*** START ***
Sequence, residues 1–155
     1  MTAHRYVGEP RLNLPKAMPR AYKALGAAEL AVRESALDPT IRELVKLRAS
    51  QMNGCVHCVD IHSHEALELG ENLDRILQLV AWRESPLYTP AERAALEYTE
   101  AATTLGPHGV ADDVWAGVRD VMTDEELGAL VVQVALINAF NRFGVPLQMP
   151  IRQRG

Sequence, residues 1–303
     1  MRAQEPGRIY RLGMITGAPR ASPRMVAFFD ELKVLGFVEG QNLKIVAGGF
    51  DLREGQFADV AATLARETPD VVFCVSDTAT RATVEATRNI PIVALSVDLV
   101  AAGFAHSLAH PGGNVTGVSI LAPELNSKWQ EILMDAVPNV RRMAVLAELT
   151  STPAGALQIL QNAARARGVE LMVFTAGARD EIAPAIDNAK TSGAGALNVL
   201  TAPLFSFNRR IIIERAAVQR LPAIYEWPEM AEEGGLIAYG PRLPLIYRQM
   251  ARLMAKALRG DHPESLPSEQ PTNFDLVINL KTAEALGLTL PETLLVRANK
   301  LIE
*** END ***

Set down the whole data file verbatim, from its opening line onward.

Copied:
Sequence, residues 1–155
     1  MTAHRYVGEP RLNLPKAMPR AYKALGAAEL AVRESALDPT IRELVKLRAS
    51  QMNGCVHCVD IHSHEALELG ENLDRILQLV AWRESPLYTP AERAALEYTE
   101  AATTLGPHGV ADDVWAGVRD VMTDEELGAL VVQVALINAF NRFGVPLQMP
   151  IRQRG

Sequence, residues 1–303
     1  MRAQEPGRIY RLGMITGAPR ASPRMVAFFD ELKVLGFVEG QNLKIVAGGF
    51  DLREGQFADV AATLARETPD VVFCVSDTAT RATVEATRNI PIVALSVDLV
   101  AAGFAHSLAH PGGNVTGVSI LAPELNSKWQ EILMDAVPNV RRMAVLAELT
   151  STPAGALQIL QNAARARGVE LMVFTAGARD EIAPAIDNAK TSGAGALNVL
   201  TAPLFSFNRR IIIERAAVQR LPAIYEWPEM AEEGGLIAYG PRLPLIYRQM
   251  ARLMAKALRG DHPESLPSEQ PTNFDLVINL KTAEALGLTL PETLLVRANK
   301  LIE